In this section the characteristics of layer such as rock transmissibility, effect of pathways on the fluid conductivity and particles, and the other physical variables in underground conditions are studied. The previously carried out studies discern the water block subject matter from the other damages, like the phase trapping index (APTi). In the studies investigators researched on the role of oil-based fluids, surface tension, injection of dry gas, drawdown pressure, and outputs of displacement and evaporation processes on the trend of blocking fluid around the wellbore within the fracture and matrix. For example, see [15, 16, 17, 18, 19, 20, 21]. But many studies are carried out on the solvents and water block, and their results determined the role of solvents and other fluids injected on injection type and fingering and coning water in water, oil, and gas reservoirs around the wellbore as well as their destructive effect on reservoir through water block [20, 21, 22]. However, the water block as a major issue in water injection wells can damage permeability more in sandy layers, and clay minerals become sensitive to the salinity degree and pH of water injected [23]. In low-permeability reservoirs, the containing of reservoir can displace the clay minerals [24]. The changes in wettability can improve the water block depending on the reservoir conditions [25]; in this case some experimental works are designed and carried out to the wettability alterations on the liquids [26]. Moreover, to discern the interactions of rock and fluid, other important researches are carried out for the dense and loose reservoirs by [1, 2]. The modeling results on the fractured and unfractured systems by Parekh [27] and their production times by Lake [28] highlighted the considerable water block in fractures due to the less pressure difference between the capillary and drawdown states. Consequently, in the case of the difference between static and flowing bottom-hole pressures, the fracture effect has an important role in decision-making on the overburden pressure as well as the type and the percentage use of solvent used in any lithology [13, 14].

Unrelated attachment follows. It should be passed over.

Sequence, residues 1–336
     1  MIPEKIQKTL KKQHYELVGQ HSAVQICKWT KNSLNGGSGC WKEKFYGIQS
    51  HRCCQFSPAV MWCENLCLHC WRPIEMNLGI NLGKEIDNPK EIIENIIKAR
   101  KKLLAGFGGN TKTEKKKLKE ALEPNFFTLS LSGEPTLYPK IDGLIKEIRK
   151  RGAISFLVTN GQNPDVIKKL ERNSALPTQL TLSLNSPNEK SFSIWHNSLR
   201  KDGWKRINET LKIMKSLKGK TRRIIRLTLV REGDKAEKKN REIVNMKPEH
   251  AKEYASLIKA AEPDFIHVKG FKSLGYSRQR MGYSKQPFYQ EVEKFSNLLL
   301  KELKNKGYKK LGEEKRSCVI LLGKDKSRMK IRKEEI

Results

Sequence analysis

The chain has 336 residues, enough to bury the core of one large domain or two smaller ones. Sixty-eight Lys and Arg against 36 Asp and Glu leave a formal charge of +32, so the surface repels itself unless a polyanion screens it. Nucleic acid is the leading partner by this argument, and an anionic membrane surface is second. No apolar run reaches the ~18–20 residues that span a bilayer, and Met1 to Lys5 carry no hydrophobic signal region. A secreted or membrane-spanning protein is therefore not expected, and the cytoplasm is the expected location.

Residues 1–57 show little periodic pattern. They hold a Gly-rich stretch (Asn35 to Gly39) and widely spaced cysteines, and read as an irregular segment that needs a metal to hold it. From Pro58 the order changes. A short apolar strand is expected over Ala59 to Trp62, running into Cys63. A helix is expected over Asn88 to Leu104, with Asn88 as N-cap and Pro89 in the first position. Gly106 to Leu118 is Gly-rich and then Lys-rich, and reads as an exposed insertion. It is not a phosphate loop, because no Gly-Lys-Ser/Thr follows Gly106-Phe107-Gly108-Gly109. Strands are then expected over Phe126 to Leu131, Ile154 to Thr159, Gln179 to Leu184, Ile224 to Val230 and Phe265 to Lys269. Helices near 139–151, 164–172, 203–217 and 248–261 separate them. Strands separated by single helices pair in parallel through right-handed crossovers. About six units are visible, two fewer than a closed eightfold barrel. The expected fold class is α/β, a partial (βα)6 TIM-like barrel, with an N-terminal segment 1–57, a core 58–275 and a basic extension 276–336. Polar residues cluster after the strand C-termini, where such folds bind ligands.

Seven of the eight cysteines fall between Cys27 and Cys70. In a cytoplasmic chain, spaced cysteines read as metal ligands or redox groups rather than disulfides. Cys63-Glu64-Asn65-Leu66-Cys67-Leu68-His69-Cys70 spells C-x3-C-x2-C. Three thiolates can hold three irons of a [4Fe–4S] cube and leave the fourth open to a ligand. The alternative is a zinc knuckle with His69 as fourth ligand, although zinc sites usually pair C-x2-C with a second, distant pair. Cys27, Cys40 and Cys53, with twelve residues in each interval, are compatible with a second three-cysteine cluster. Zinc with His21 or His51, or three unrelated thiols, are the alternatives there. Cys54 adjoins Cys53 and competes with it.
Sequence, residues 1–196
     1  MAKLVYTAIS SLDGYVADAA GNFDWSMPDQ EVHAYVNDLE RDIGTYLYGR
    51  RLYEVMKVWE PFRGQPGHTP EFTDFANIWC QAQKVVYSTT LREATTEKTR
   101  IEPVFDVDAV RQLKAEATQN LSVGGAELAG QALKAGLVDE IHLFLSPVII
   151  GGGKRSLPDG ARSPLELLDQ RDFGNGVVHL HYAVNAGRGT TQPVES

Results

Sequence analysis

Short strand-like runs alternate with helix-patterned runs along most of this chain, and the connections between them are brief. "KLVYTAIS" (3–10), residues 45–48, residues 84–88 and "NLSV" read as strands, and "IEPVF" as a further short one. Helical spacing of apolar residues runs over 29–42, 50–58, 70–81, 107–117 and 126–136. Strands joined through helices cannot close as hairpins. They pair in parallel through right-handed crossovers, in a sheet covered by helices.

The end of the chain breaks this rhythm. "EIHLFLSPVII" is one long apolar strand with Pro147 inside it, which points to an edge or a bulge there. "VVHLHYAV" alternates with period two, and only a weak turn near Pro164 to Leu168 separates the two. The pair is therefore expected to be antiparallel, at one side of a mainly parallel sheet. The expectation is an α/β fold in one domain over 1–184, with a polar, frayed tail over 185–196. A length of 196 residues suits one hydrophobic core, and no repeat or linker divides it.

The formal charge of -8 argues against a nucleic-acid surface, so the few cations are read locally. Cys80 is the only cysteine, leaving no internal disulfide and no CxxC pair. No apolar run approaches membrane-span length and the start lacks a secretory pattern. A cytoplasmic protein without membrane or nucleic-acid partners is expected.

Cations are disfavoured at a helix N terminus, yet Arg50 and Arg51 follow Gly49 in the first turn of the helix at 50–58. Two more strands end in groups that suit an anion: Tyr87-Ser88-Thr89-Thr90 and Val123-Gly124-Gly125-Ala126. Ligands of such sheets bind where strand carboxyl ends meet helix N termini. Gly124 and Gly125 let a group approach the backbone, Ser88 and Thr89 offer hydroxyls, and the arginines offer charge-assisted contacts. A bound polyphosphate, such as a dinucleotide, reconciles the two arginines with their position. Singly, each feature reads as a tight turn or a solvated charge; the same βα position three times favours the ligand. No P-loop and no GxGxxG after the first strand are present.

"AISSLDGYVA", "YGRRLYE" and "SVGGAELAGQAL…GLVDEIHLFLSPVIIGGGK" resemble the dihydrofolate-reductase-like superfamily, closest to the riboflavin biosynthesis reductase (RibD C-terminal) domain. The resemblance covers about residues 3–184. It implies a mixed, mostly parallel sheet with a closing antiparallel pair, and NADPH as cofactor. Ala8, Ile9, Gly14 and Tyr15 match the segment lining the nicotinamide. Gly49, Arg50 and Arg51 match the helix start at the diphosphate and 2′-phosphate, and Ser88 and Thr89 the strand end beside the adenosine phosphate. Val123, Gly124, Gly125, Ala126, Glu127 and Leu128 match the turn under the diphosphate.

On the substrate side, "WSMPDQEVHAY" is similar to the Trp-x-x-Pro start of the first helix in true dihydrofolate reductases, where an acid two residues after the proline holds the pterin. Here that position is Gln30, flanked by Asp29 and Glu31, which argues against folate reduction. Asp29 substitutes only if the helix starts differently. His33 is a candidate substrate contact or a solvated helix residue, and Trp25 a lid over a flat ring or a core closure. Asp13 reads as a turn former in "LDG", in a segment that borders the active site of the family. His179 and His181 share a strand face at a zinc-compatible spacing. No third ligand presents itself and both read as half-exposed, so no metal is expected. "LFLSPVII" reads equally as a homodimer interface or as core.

5. Selection criteria